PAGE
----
In the US, summer is for sand, sun, and blockbuster
movies. And this summer, we’re going to use those movies to learn English and study how
to sound American. Every video this summer is going to be a study English with movies
video. We’ll pull scenes from the summer’s hottest movies, as well as favorite movies
from years past. It’s amazing what we can discover by studying even a small bit of English
dialogue. We’ll study how to understand movies, what makes Americans sound American, and of
course, any interesting vocabulary phrasal verbs or idioms that come up in the scenes
we study. I call this kind of exercise a Ben Franklin Exercise. First, we’ll watch the
scene. Then we’ll do an in-depth analysis of what we hear together. This is going to
be so much fun! Be sure to tell your friends and spread the word that all summer long,
every Tuesday, we’re studying English with movies here at Rachel’s English. Let’s get started. First, the scene. Situation? Lost toy. Side yard. Billy. Goat. Gruff. Raise the blinds. They have names? You never told me that. You never asked. Where is he? There. How do we reach him? Operation pull-toy. Slink? You got it, Woody. Barbies. Go. Now, the analysis. Situation? What is the melody, the song of this word? If you had to just hum the tune of this word, what would
you what would you hum? To me it sounds like this. Mm-hmm. Very clearly, it goes up at the end. Situation? What does that mean at the end that it goes up? That means it’s a question. She’s asking for information. She’s like what’s going on? Situation? It’s very different than: situation. Where the pitch goes down. That’s a statement. Pitch goes up makes it a question. Asking for information. Situation? Situation? Situation? Lost toy. Side yard. Lost toy. Side yard.
Okay, so he has a little bit of…In his voice because he’s pulling himself up. But it’s
two little sentences put together into one thought group. Let’s look at how he links
everything together. First, the word ‘lost’ and the word ‘toy’. Lost toy. Lost toy. Lost toy. Lost toy. He links them together with a single letter T, a true T. Any word that begins with a T that is a stressed word, is going to be a true T. Toy, toy, toy. The exception is if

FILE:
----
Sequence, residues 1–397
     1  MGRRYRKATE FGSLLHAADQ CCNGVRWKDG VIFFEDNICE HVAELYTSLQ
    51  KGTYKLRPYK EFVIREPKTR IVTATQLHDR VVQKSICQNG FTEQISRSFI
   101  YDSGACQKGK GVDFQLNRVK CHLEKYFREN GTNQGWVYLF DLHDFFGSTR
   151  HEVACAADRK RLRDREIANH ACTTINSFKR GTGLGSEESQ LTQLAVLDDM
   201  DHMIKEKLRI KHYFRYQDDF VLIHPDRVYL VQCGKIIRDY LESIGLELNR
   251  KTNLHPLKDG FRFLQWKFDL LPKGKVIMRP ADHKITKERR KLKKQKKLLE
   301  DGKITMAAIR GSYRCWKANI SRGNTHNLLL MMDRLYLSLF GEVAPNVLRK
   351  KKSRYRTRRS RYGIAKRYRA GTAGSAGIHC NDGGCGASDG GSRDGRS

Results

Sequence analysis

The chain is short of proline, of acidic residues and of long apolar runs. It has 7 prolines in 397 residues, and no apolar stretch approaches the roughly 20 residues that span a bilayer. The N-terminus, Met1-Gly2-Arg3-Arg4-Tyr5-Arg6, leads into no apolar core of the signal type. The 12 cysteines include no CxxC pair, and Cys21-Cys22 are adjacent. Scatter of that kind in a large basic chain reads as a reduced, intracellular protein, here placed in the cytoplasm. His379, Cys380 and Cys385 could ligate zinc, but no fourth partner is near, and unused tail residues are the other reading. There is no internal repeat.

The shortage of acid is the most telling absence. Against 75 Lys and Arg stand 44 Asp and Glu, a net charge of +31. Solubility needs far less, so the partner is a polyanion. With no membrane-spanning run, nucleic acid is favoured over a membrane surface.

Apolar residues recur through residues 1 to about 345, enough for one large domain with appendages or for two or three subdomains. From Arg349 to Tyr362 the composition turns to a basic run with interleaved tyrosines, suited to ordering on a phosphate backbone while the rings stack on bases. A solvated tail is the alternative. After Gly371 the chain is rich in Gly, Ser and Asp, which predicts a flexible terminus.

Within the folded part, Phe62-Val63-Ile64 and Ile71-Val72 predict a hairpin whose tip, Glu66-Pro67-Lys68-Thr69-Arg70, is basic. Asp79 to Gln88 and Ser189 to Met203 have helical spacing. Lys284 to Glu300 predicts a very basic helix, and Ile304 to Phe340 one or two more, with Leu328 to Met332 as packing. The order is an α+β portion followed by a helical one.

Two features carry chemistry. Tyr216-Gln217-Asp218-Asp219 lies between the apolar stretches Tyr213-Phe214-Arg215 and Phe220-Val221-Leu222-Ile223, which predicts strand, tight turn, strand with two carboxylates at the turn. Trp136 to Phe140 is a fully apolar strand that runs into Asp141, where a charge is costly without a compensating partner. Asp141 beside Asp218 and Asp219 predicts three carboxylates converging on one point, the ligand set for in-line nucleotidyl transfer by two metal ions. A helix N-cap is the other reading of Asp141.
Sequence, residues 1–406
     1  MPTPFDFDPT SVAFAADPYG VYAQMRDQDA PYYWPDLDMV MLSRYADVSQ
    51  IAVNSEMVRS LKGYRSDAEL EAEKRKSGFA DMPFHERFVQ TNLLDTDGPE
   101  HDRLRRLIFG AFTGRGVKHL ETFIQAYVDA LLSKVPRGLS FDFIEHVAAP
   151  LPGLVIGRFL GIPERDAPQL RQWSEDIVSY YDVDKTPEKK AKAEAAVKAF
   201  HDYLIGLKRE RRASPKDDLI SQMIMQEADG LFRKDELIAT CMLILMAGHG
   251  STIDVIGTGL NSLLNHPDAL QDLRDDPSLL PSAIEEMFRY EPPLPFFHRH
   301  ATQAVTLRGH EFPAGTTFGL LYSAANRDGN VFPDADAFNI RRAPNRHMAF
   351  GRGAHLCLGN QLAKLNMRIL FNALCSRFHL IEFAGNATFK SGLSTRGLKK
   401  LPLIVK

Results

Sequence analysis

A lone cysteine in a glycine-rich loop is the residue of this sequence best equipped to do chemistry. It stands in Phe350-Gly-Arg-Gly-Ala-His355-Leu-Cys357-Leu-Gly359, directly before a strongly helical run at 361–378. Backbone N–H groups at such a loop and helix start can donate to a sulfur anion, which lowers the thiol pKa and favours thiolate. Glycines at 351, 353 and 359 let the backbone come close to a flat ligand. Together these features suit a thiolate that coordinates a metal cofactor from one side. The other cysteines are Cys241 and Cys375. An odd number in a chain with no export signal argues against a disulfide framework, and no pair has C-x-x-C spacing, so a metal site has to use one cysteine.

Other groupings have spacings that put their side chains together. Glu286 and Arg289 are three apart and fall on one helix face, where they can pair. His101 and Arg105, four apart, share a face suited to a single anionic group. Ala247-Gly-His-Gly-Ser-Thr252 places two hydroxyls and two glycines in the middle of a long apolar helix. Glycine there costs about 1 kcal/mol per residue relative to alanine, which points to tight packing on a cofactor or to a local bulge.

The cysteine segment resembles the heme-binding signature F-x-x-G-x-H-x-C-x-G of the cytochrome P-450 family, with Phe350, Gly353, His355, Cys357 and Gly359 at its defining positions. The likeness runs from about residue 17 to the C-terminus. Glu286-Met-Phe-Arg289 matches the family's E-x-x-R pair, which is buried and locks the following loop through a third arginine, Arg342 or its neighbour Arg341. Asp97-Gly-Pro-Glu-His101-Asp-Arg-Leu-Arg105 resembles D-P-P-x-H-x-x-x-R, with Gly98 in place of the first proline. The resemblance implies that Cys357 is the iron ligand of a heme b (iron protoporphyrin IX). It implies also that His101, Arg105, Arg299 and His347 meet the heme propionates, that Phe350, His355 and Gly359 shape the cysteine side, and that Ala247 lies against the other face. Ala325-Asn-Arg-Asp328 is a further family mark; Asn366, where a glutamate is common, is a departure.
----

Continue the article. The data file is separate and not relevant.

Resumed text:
it’s in a TR cluster, then it might be CH, like the word train. But if it’s just T, not
in a cluster, it is gonna be a true T if it starts a stressed word or syllable. Lost toy.
Link those together with a single T. Try that. Lost toy. Lost toy. Lost toy. Lost toy. Side yard. Whoa! Different day, different outfit, important
announcement. Did you know that with this video, I made a free audio lesson that you
can download? In fact, I’m doing this for each one of the youtube videos I’m making
this summer, all 11 of the learn English with movies videos. So follow this link, or find
the link in the video description to get your free downloadable audio lesson. It’s where
you’re going to train all of the things that you’ve learned about pronunciation in this
video. Back to the lesson. Lost toy. Side yard. Okay. So no break, I
put a period there, but there was no break. The OY diphthong goes right into the S. Side
yard. And the D goes right into Y. So there’s no release of the D. If I did release it,
if he did release it, it would sound like this: side yard, side yard, side, side, side
yard. But it’s not that clear, its side yard. So my tongue is in position for the D. I do
vibrate the vocal chords, it’s a voiced sound, side yard. But rather than releasing the tongue
tip down, I go right into the Y consonant. That helps the two words link together more smoothly. Side yard. Side yard. Side yard. Side yard. And the final D I don’t even really hear.
So I wouldn’t say, I would also say it’s no release. I think he does voice it. Side yard.
It’s just that it’s a subtle sound, and she starts speaking, the music starts, so we sort
of lose it. But just know this is a common pronunciation for D especially when it links
into another consonant, is that we don’t release it. Side yard. Side yard. Side yard. Side yard. Side yard. Side yard. If we were linking into a word that began
with the vowel or diphthong, it would sound more released. Like if I was going to say
the words ‘side of’ together, it would sound like this: side of– duf, duf, duf. Then the
tongue is coming down, it is releasing into the vowel. But here, we go right from the
voiced to D into the next consonant. Side yard. Side yard. Side yard. Billy. Goat. Gruff. Okay, so she calls her three sheep. And each
of them is its own little thought group of a stressed single syllable. What is the melody
of that stress syllable? Actually I need to correct myself, it’s not single. Billy is
a two-syllable word. Okay, but what is the shape of stress? Billy. Goat. Gruff. Billy. Goat. Gruff. Billy. Goat. Gruff. Billy. Goat. Gruff. Uh-uh– It’s up down. That is the shape of stress. Billy. Goat. Gruff. And actually,
I love that we have an opportunity here to talk about the fact that this word is two
syllables, this word is one, this one is one, but they still all have the same shape because
the second unstressed syllable here just falls into the same line of pitch. Billy. There’s
no skip, there’s no change, I just change syllables as my voice continues to smoothly
come down. Goat. Stop T. Gruff. So it’s this little up-down shape that makes a stressed
syllable. And the unstressed syllable in Billy just falls into that same line. Really smoothly
connected. Billy. Goat. Gruff. Billy. Goat. Gruff. Billy. Goat. Gruff. Raise the blinds! Raise the blinds! What are our stressed words
here? Raise the blinds! Raise the blinds! Raise the blinds! Raise the blinds! Raise and blinds, both stressed,